Make your citizenship appointment early as you can! Sometimes they are a year or two out before you will be seen. I was very lucky, I an original appointment that was in 2015 but I checked the appointment dates online everyday until someone canceled and I found one in October 2012. But as you are getting documents together it may take a long time, so its best to have an appointment already set up.

At the time you present your documents make sure every detail is correct that includes DATES, TIMES, NAMES, SPELLINGS, and everything else. Be super anal about checking documents, double and triple check them because thats another cost to fix documents. We had to do quite a few times and it was 40$ each time, each document. And the wait time to get fixed documents back was about 2 weeks.

At the time of appointment, you must prove your residence with a utility or electricity, license and passport is needed for the consulate to make copies. Also all these documents must be sent to the consulate where you reside, for me I was at Newark but the consulate shutdown and at the last minute I had to go to NYC. So from now on I will go to NYC for any other passport related issues.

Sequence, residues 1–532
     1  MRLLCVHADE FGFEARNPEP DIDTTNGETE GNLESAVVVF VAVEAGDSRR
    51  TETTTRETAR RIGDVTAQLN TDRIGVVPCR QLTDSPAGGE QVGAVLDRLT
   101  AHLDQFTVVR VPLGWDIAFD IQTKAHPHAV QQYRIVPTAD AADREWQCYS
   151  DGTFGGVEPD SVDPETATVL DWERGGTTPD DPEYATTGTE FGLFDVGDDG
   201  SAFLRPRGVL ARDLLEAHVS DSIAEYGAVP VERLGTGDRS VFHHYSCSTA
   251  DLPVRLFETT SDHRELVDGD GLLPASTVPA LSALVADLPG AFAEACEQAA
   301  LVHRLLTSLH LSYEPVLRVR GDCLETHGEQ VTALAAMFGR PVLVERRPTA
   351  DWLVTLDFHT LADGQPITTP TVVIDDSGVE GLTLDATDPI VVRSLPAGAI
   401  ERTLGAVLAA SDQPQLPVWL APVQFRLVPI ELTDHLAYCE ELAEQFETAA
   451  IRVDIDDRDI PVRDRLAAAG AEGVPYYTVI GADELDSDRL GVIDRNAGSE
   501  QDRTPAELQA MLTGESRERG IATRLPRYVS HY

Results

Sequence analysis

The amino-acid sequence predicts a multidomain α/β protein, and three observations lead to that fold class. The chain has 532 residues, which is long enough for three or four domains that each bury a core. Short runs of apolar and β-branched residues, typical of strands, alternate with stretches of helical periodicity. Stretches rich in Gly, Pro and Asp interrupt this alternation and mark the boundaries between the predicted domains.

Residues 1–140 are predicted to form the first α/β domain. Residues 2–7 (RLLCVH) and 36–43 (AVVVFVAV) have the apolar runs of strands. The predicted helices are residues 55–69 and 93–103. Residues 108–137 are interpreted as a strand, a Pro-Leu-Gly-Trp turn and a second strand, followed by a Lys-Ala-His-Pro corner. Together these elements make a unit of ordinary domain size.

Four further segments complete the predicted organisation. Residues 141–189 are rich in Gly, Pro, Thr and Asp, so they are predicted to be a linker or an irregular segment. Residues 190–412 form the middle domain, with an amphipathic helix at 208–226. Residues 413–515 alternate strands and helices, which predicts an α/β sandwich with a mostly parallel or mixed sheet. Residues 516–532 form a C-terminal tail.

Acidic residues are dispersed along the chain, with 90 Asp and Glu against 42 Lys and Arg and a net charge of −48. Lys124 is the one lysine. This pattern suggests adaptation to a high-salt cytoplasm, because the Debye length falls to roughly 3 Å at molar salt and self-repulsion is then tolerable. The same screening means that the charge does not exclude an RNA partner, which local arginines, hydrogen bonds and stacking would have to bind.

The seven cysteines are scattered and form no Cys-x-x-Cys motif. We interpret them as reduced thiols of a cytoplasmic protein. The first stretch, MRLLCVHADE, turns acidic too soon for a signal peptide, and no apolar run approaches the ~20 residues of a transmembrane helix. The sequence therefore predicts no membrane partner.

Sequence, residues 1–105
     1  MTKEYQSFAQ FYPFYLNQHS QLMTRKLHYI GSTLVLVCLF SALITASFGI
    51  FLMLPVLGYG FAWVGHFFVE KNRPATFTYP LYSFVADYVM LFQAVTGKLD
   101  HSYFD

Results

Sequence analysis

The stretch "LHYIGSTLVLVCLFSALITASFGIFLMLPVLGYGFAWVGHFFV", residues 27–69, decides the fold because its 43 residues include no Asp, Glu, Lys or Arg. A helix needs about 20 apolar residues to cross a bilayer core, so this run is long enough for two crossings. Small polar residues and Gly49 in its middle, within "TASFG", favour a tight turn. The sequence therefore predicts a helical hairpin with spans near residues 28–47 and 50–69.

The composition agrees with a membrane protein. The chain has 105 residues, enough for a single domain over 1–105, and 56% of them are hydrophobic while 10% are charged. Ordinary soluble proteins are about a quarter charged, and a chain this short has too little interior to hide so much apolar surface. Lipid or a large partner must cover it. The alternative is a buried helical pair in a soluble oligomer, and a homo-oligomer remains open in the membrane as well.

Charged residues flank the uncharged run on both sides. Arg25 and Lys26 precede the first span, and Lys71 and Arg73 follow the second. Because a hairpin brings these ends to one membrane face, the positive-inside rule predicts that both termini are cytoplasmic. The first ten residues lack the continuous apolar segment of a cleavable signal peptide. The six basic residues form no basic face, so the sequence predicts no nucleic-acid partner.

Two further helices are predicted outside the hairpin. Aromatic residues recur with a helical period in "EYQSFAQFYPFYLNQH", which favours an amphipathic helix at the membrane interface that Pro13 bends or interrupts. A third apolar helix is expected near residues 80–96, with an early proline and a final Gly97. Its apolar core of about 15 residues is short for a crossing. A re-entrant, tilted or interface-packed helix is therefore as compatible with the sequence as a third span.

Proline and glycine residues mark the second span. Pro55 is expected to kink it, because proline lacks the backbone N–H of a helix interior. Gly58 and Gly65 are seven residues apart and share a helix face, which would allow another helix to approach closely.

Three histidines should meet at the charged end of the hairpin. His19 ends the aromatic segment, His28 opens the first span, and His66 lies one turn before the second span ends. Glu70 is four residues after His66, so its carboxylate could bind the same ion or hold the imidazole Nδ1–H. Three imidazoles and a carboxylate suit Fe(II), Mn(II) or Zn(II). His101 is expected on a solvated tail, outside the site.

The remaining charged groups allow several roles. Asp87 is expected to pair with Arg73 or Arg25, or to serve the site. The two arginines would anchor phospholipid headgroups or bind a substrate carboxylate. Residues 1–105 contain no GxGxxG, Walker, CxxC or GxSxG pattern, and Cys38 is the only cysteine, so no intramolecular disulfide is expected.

And voilà there you have it!


We had a lot of documents because we had to go so far back. It was a lot of money, time and effort spent. It was worth it though! I held a picture of my great grandfather and his wife in a travel locket that I brought with me during the passport appointment, I feel like they were proudly there with me. I started to tear up a little bit when the man started taking my finger prints because I knew I was getting it. Lots of frustrating tears were shed but those happy joyful tears at the end, when I finally had my Italian passport in my hands was surreal. Its finally over and I’m an Italian Citizen. I’m so proud to say that, thank you to my great grandfather Alessandro Gambino. I never had the chance to meet you but you gave me a beautiful gift.